Welcome to Perfect Poms
Hello and Welcome!!
No puppies available now, check back with me next year.
All of my puppies are Vet-checked.
Puppies come with a written health guarantee.
I do not sell to puppy mills, pet shops or brokers. I want all of my puppies to go to loving homes, where they can be loved and spoiled like they deserve. I raise my puppies in my home. Puppies are socialized daily with my children and our other pets. I am a very small hobby breeder. Pomeranians are the only breed I know and have a passion for. Parents always on site.
If you have adopted a Pomeranian baby from me, please feel free to email me pictures & updates at anytime to firstname.lastname@example.org
I love to hear how my Pom babies are doing.
Website updated as of December, 8th, 2014
Country of Origin: The Pomeranian (also known as the ‘Pom’, ‘Toy German Spitz’, ‘Deutscher Zwergspitz’, or ‘Zwers’) descends from sled dogs of Greenland. ‘Pomerania’ is a district directly south of the Baltic Sea spanning modern day Germany and Poland, where the majority of the Pomeranian’s development was done in the 8th century. It was bred for a thick coat and small size, but still weighed 9-14 kg (20-30 lbs) when imported to England. In England, the Pomeranian’s size was successfully reduced further and a variety of colors was developed. Queen Charlotte and Queen Victoria helped popularize the Pomeranian in England in the 1700’s and 1800’s, particularly Queen Victoria with her Pomeranian ‘Marco’ which she brought back from Florence, Italy. The Pomeranian was recognized by the American Kennel Club in 1900 and since then has continued to shrink in size and develop a more 'powder-puff' appearance. Today it is a popular pet and show dog and the smallest breed of Northern origin. Famous Pomeranian owners are a diverse group including Michelangelo (his Pomeranian watched him paint the Sistine Chapel), Sir Isaac Newton (his Pomeranian once knocked over a candle on one of his important scientific works as he labored upon it), Paris Hilton (her Pomeranian is frequently dressed in matching outfits), and Nicole Richie (her Pomeranian was named after a character in ‘Austin Powers in Goldmember’—Foxxy Cleopatra).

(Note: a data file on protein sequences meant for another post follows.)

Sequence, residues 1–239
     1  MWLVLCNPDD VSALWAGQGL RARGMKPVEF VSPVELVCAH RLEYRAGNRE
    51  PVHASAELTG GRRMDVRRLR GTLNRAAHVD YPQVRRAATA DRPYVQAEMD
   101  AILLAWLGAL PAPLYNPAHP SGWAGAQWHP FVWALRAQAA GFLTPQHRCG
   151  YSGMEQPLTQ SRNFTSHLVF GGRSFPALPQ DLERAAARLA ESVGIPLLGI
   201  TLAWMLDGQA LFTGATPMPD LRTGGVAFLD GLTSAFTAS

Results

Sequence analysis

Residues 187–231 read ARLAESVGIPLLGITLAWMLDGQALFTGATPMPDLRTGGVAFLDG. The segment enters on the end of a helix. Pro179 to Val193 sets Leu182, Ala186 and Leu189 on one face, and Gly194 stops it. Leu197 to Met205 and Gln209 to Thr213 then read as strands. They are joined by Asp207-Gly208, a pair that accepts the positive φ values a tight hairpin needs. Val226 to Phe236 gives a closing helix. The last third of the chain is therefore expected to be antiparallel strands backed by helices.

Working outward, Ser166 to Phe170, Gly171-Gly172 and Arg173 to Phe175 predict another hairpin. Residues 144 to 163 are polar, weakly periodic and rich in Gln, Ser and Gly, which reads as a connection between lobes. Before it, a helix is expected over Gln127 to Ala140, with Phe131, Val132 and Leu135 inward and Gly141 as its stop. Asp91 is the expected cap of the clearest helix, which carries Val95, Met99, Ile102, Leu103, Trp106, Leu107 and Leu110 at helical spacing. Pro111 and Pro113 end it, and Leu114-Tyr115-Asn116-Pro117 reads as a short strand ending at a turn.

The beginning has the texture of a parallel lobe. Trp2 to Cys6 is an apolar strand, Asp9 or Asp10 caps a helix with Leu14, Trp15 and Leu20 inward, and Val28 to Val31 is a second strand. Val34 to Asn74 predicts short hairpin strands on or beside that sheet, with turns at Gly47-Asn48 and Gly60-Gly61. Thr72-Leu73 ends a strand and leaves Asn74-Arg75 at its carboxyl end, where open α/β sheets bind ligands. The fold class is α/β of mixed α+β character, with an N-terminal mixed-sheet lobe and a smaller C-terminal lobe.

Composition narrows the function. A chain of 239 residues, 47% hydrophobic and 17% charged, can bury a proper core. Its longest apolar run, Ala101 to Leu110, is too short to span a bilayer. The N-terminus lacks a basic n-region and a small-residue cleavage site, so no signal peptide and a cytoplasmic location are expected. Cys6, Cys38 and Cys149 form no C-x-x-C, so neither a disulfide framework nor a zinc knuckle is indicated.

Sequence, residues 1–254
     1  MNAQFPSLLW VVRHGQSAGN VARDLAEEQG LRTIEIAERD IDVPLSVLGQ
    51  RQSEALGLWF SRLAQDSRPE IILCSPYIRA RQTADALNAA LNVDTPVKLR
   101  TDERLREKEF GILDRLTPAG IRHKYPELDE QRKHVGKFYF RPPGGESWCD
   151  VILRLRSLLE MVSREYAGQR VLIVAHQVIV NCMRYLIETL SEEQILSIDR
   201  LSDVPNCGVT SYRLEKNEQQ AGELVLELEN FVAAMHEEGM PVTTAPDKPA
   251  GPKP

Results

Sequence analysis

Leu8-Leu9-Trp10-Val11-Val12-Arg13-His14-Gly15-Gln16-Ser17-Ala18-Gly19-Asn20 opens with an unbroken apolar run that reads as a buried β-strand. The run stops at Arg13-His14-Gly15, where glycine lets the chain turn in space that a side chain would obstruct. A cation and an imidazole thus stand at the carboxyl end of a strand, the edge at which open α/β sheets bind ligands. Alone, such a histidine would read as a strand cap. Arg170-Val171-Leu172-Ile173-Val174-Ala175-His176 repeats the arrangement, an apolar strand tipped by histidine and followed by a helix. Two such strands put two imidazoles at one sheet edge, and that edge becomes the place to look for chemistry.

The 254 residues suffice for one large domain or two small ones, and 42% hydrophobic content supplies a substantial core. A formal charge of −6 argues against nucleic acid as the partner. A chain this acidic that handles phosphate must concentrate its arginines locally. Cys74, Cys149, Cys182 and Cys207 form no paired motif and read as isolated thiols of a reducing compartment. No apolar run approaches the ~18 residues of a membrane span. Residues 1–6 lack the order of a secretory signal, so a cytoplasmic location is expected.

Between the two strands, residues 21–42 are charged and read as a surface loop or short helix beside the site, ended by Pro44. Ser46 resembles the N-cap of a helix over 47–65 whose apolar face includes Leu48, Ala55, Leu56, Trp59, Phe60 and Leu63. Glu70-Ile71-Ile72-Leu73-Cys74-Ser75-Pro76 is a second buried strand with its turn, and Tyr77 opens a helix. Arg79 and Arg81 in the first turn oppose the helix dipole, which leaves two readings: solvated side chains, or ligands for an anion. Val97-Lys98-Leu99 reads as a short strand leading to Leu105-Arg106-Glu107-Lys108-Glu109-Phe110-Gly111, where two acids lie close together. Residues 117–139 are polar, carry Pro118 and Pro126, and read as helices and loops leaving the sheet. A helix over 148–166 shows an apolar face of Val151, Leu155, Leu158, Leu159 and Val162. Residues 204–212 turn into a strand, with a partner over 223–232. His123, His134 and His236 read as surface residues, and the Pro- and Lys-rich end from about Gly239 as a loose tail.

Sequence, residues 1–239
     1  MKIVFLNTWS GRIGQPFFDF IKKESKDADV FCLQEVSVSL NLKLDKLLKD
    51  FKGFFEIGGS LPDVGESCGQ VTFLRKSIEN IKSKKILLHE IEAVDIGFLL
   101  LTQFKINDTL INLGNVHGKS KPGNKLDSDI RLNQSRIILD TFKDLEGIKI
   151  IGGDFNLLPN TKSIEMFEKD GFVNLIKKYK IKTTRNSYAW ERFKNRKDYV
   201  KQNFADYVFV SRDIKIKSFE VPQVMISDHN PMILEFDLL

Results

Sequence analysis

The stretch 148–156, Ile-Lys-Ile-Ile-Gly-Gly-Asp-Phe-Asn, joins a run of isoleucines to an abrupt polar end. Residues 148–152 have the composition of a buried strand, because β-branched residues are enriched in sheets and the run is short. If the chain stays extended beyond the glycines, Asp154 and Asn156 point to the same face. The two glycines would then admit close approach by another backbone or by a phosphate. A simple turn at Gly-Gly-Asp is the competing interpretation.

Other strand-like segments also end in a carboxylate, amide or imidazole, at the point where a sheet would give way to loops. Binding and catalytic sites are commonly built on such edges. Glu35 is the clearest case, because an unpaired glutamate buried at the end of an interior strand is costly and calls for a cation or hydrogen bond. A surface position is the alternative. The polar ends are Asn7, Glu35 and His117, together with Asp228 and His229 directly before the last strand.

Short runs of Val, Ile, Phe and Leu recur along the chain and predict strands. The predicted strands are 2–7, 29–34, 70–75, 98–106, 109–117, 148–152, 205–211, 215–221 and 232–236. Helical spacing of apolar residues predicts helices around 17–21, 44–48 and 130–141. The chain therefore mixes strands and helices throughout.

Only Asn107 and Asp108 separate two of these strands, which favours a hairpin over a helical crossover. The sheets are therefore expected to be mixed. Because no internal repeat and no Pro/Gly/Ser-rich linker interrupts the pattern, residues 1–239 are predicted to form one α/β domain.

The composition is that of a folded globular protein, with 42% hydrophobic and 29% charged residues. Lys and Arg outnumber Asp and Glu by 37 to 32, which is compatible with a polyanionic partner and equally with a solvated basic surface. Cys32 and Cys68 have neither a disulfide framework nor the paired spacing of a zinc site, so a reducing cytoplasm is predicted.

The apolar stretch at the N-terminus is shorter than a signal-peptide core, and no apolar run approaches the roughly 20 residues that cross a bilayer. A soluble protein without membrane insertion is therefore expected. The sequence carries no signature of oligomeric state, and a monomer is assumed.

Please read! Bringing home your new Puppy.
Bringing home a puppy and introducing her to your home is very
exciting for everyone. The only one who may be anxious about the
situation will be the puppy. If you handle your puppy properly
when she arrives, she will quickly relax and want to settle into
her new home.
Prior to bringing your new puppy into your home, you should puppy
proof it. Take a look at your home from the puppy's viewpoint.
Does that potted plant sitting in front of the glass door look
tempting? You may want to consider moving it to a higher place.
What about your favorite collection of teddy bears, or magazines
you have in a basket by the sofa? They will most certainly raise
the curiosity of your new puppy. As you move these things out of
your puppy's reach, remember it is only for a short time. Once
your new puppy has learned her place in the family, you can put
your things back where they go. Your life should never be
dictated by your puppy. However, by removing these curiosity
objects from the start, it will allow you to work with your puppy
on the basic training she will need to learn.
It is important to understand that as much as you want your new
puppy to be a part of your family, your puppy is still an animal.
She will take her cues from her environment. If she is allowed
to have free run of the home and access to everything, you are
teaching her that she is in charge. Dogs have instincts. The
main instinct of dogs is to live in a pack. Your new puppy will
assume her new family is her pack. If she picks up the clues that
she is her own boss and she can do what she wants, whenever she
wants, she is being taught she is the leader of her pack. It is
much easier on everyone, including the dog, if she learns from
the moment she enters the home that she is not the leader and
dictator of the family.
One mistake people make is letting their puppy sleep in a utility
room, or kitchen. Dogs are from the wolf family, and really
prefer to have a den all their own. Some people assume placing a
dog in a crate is cruel. On the contrary, if crates are
introduced properly, they will be much loved by the puppy. When
planning for a new puppy, do not go out and buy the biggest crate
you can find for your puppy thinking she will grow into it. This
is the worst mistake owner's make. A crate should be large
enough for your pet to stand up and turn around in. Puppies